Heal Your Church WebSite

Teaching, rebuking, correcting & training in righteous web design.

Call for some ‘Purpose-driven’ case studies

It’s that time of month again when I have to put together another article for Christian Computing Magazine. As with my last two articles, I like to cite real-world case studies. In my upcoming article, I’m looking for church websites that were designed using some form of a formalized needs requirements and/or a deployment plan.

For example, one of my cases is going to be First Baptist Church of Frederick, MD (FBCF) – a site originally I critiqued last December because of a variety of usability issues. A few months later I was pleased to see they had a very different and very usable website.

When I spoke to the pastor and the web designer on the phone, I discovered that the website was a by-product of a desire to establish an intranet. Communications of their internal information online being an essential tool to meet their overall goal of becoming a more lay-driven church. Based on that goal, they opted to address their primary need (the intranet) by using Community Builder, a web-based church membership management database software that also has web-publishing capabilities.

So what I’m looking for is one or two more case studies where a church website is the product of a well-defined purpose. The website can be the end-goal, or it can be a secondary byproduct of another goal as was the case with FBCF. Point is, I want encourage and teach other church webservants to:

  • Think about their needs before they select a web publishing tool;
  • Precisely define the purpose of their online presence;
  • Make their design decisions, and subsequently their mistakes, on paper first;
  • Create a project plan for their development and deployment.

You can help if you’ve gone through two or more of the above steps; even if you’re just a one man show. Leave a comment … if you don’t feel like giving details, just say “contact me” in your comment and I’ll get to you. I’d like to get this all done in the next day or three, so don’t be shy! I’m not going to be critical, I just want some “for instances.”

Oh yeah, I’ve got IM working now. Let the reader understand.


  1. Missing the biggest step. Without a clearly defined vision for the Church/organisation, no website will ever be useful. It’s like the old maxim in software development: with no spec, there’s no bugs, just unexpected behaviour.

  2. or to rephrase the above post… with no spec, there are no bugs, just interesting and undocumented features… ;-)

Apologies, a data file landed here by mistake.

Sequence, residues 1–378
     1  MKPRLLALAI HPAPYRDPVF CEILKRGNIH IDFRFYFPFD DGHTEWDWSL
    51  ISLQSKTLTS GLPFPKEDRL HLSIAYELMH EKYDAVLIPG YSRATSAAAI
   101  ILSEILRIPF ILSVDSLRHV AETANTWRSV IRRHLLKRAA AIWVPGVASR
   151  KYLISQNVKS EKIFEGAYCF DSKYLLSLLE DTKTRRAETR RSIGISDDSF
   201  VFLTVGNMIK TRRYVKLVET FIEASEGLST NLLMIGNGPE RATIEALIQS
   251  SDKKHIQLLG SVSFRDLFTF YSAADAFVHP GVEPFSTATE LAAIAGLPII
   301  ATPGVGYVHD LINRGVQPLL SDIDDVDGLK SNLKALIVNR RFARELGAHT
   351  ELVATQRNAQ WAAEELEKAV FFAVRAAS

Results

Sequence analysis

3. I am an elder at Barcroft Bible Church in Fairfax, VA. My Worship/Music pastor and I are in the process of revamping our church website. By day my job is as a Tech Advisor/Sr. Software Engineer for a defense contractor and I am very familiar with the need for a requirements statement prior to going into battle with system development. My Worship/Music pastor just recently completed his Masters in which his thesis revolved around what you can do with church websites. So at least we were on some common footing.

    Looking at our website, we put forth three propositions of what we wanted our website to do: (1) to be a means of advertising the church to the community (who we are, how to get to us, what to expect, what we believe, etc.); (2) to be a place for the congregation to communicate with each other (prayer, discussion, calendar, contact elders, conduct church business, etc.); and (3) once the communication has been achieved, to encourage the members of the congregation to participate in evangelistic outreach by posting stories, material, movie reviews, etc. on the website. These three things became our statement of vision for the website.

    From the statement of vision, I constructed a strawman requirements statement broken down into ministry and technical requirements. This requirements statement was passed around to several individuals in the congregation for comment and along with the statement of vision, amounts to about 6 pages of type.

    One of the technical requirements forced us into an early tactical decision. We wanted to be able to give different individuals in the congregation the ability to change a specific portion of the website, without huge expense in buying development software – and be able to control what individuals see depending on their “rights” within the website. This let to the decision to use a Content Managment System which would allow login and close control of implementation. We wanted to give individuals involved with our Adult Bible Fellowship classes, for instance to grow their portion of the website as they saw fit to meet their specific needs. We settled on WebGUI.

    All this is a precursor to let you know that we go online the end of September 2004 with the visitor portion of the website and the initial “layout” of ministry elements. I am just about done with a template of the site and will be moving it to a temporary server this week or next.

    Contact me if you would like more information.